My interest in neural nets has grown exponentially over the past few years. Although there’s been a ton of R&D dedicated to dynamical weather and climate models over the past couple of decades, there hasn’t been nearly as much attention paid to modern machine learning techniques. Sure, there are a couple of papers here and there about using machine learning to make predictions, but there are way more about dynamical model forecasts. Why is that?
Machine learning has proven very good at many sorts of predictions. It can pick your face out from a picture, suggest a movie to watch next, have a conversation with you, and so on. These are all popular uses — chances are you use their applications every day, when you interact with your phone or peruse the list of recommended products on Amazon. You’ll notice I didn’t mention weather forecasting.
Atmospheric scientists have a huge advantage over the applications that I mentioned above — we have equations of motion that allow us to predict future states of the atmosphere. The equations of motion form the foundation of every weather and climate model. You put in the current state of the atmosphere, start your model, and voila! you get a prediction. You can’t do that with TV show recommendations — there is no system of equations that can tell you what to watch if you loved The Americans and are really sad that it’s over.
Modern numerical weather prediction suffers from a few problems, especially at long forecast times. First, weather models depend on our ability to measure the current state of the atmosphere. If we have bad measurements then we’ll have bad forecasts — which is a simple way of framing Chaos Theory. The truth is that it’s pretty difficult to get perfect measurements of the atmosphere every six or twelve hours. There’s a lot of atmosphere out there and we don’t have nearly enough observing stations (think of the oceans or all the atmosphere above the ground).
The second big issue is that our models are only approximations of how the real atmosphere works. There’s no closed solution to those equations of motion, and we don’t have equations to govern how every single process in the atmosphere works, so we make a bunch of assumptions and use simple statistical models to fill in the gaps. Those assumptions introduce errors and those errors grow with time.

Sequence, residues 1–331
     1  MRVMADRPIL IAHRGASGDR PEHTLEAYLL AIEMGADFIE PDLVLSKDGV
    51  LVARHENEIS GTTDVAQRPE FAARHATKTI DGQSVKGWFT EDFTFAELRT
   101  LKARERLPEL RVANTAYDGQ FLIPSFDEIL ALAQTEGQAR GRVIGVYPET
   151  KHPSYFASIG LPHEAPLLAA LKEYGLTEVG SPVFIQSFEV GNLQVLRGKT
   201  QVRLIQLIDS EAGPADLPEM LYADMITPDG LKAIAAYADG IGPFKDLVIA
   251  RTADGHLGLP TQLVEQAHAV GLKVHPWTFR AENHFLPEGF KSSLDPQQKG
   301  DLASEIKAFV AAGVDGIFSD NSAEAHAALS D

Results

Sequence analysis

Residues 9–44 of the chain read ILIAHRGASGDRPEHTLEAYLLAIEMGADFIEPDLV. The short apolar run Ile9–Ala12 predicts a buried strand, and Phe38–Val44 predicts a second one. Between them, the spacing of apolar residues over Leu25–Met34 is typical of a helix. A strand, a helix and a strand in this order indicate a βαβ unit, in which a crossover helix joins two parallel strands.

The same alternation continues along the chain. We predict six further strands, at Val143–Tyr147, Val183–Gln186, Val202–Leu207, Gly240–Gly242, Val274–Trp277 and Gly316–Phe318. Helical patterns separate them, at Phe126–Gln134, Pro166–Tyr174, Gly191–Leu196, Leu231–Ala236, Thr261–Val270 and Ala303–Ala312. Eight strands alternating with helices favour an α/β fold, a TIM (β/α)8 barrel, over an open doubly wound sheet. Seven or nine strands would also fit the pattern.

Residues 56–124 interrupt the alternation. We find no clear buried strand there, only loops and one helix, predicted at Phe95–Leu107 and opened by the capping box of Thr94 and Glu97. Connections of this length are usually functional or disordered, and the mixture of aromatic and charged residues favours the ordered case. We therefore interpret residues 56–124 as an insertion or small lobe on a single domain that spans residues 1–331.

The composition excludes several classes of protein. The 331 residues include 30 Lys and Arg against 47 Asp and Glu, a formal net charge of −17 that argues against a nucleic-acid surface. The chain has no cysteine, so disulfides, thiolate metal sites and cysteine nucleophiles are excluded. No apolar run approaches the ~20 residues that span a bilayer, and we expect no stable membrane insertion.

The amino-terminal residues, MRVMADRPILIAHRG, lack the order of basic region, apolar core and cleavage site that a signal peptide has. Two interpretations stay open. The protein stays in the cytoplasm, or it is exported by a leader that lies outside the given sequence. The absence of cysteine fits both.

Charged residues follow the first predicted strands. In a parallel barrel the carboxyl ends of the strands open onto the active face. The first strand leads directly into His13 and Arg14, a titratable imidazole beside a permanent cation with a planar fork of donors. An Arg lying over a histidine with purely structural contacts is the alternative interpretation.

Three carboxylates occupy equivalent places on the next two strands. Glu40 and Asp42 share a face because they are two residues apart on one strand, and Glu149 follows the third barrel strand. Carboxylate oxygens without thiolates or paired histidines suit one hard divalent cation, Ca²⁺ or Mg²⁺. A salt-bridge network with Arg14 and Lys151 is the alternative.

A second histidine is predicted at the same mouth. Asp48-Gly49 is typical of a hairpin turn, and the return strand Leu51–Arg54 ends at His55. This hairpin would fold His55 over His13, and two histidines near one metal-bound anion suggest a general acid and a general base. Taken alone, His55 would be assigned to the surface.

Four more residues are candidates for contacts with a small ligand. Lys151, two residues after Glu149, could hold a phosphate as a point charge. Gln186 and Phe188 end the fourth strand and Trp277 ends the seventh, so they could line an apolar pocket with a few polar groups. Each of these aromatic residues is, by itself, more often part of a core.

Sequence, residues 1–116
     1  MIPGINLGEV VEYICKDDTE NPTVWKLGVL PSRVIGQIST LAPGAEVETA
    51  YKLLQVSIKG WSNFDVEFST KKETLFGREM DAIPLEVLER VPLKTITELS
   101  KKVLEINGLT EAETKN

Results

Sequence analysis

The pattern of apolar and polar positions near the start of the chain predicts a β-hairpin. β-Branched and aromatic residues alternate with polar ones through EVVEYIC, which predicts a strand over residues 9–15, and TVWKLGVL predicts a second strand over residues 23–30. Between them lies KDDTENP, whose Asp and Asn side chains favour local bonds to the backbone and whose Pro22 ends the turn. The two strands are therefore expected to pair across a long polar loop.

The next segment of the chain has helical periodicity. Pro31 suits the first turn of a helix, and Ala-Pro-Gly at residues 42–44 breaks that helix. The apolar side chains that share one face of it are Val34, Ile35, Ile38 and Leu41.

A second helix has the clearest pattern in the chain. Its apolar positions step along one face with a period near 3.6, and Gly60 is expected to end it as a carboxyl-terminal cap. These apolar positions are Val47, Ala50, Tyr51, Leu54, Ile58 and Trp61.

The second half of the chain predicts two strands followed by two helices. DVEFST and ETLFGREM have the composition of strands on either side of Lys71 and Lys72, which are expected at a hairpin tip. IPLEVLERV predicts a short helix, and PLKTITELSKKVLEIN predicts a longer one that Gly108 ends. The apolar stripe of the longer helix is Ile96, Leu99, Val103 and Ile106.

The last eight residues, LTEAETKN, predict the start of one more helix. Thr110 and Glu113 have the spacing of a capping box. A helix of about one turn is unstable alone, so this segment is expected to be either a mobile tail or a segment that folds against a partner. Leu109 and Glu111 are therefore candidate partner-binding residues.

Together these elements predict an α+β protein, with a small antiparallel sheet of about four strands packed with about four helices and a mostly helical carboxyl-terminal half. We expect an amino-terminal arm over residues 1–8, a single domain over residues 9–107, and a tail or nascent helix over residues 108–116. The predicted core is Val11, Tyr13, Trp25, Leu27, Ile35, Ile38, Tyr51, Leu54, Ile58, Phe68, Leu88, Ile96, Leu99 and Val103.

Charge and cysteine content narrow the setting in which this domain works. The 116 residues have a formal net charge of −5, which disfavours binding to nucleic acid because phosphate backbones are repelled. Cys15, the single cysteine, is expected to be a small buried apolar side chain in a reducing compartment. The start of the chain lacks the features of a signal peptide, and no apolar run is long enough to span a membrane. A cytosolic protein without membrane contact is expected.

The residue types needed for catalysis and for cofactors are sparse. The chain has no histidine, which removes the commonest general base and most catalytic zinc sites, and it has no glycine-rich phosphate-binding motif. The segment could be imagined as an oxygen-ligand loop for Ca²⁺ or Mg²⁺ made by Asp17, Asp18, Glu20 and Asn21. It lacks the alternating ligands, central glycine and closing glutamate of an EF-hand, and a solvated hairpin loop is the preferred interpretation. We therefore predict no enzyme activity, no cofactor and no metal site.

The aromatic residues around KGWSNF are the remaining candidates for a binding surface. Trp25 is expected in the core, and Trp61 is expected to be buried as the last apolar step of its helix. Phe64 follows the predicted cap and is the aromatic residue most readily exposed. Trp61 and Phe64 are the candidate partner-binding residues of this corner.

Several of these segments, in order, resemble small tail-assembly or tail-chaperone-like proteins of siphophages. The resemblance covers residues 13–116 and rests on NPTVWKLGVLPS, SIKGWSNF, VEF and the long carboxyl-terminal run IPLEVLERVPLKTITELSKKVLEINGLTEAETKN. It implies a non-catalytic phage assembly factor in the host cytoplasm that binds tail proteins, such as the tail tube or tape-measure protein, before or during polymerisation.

These problems limit our ability to make accurate forecasts, especially at monthly and seasonal time scales. The field of atmospheric science has pushed solutions like improved data assimilation (which mainly attacks the Chaos problem) and higher-resolution models. These are all great, but we still can’t make particularly good long-range forecasts. Most forecast sites show a 7 day forecast for a reason; week-2 is tough, week-3 is even tougher, and by week-4 you might as well just roll some dice and call it a day.
So I’d say it’s about time for atmospheric scientists to get serious about machine learning. We’ve hit a wall with dynamical models and it might be quite some time before we break through it. Machine learning has a lot of untapped potential, which I’m reminded of every time I’m creepily auto-tagged in a picture. To make a long story short, I’ve been playing with neural nets over the past year and I think everyone else in the field should too. There’s tremendous potential and the only way for us to realize it is if we get a real group effort. Here’s my feeble attempt.
I’ve been teaching myself about machine learning for the past year or so and I wanted a simple project to experiment with… something that I could run on my home gaming rig, which isn’t particularly powerful (3.4 GHz i5/16 GB RAM/GTX 1080 Ti). A simple ENSO prediction model seemed like a good idea.
This project is very simple: I’ve made a recurrent neural network (LSTM in this case) to predict the SST 3.4 time series. Even simpler, there are no external predictors — the model uses the previous 6 months of forecast data to predict the upcoming 12 months of data. Simple as that. It’s basically a souped up autoregressive (AR-12) model.
I used SST 3.4 monthly data that goes from January 1982 through the present. I trained the model on the first 200 months and then verified on the rest of the time series. This model was so simple that I didn’t even need my GPU — turns out that LSTMs are often faster on CPUs than GPUs, and it takes a whole 70ish seconds on my i5. The image below shows how the model did.
The shading shows reality — so it’s the same for each lead time. The black line shows the forecast from 1 month to 6 months out. A few things pop out to me: 1) The correlations are pretty good, about 0.51 at 6 months, but don’t seem significantly better or worse than what I’ve seen from others simple studies. Of course, more sophisticated neural net techniques do quite a bit better.
The real take home point here isn’t how well it does. It’s how easy it was to set it up and give it a try. I think there’s a ton of untapped potential… some ideas I have are to extend the training set, use external predictors, and smooth the data before training it to reduce the amount of noise that gets absorbed into the model. I’ve already started those things and plan to regularly update the model.
You can keep an eye on the model’s development by going to kylemacritchie.com/ENSO. That site includes the verification images and a real-time forecast that updates on the 4th of each month (allegedly… we’ll find out in a couple of days). I’ll write up new posts as I update the model to discuss how my changes impact the outcome. I’d like to get that 6-month correlation into the 0.8 range, but I won’t hold my breath.
I look forward to sharing this journey with you and discussion is always welcome! (I should also be crystal clear that this is a pet project that is not in any way sponsored by or affiliated with my day job.)